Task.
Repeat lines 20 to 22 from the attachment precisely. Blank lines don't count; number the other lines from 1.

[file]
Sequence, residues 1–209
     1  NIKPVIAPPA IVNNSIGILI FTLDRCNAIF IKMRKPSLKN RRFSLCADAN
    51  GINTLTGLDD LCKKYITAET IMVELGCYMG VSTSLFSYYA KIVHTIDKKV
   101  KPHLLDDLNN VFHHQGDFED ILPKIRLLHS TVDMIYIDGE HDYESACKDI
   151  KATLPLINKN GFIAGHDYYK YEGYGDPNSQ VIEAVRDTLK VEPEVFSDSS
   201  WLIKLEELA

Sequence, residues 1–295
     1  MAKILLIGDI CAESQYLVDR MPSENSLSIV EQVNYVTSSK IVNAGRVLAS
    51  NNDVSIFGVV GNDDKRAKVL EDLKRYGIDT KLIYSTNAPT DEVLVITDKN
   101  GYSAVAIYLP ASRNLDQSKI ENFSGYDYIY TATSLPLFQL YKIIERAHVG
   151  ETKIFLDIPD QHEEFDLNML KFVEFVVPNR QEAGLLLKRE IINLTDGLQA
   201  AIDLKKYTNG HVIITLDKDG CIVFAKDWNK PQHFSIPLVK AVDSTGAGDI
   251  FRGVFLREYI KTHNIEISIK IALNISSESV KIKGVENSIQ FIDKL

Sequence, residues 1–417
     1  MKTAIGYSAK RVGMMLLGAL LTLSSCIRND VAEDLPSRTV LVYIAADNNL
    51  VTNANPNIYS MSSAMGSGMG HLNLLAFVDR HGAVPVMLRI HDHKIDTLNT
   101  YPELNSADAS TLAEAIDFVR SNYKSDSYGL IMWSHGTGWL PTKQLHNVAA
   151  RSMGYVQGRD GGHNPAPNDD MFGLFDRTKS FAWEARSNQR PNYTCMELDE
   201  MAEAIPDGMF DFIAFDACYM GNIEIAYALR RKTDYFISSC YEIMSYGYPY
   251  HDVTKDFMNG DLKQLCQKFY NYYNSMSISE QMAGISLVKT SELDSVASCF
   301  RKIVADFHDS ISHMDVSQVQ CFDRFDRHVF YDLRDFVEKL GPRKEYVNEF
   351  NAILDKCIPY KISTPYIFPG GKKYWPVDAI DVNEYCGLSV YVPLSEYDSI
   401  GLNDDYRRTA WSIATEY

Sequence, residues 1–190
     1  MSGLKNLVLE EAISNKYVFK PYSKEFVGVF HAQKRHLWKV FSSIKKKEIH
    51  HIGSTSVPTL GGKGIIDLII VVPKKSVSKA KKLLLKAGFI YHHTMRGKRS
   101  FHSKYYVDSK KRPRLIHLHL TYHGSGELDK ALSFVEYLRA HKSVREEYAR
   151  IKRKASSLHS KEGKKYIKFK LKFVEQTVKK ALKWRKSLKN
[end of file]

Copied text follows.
   251  HDVTKDFMNG DLKQLCQKFY NYYNSMSISE QMAGISLVKT SELDSVASCF
   301  RKIVADFHDS ISHMDVSQVQ CFDRFDRHVF YDLRDFVEKL GPRKEYVNEF
   351  NAILDKCIPY KISTPYIFPG GKKYWPVDAI DVNEYCGLSV YVPLSEYDSI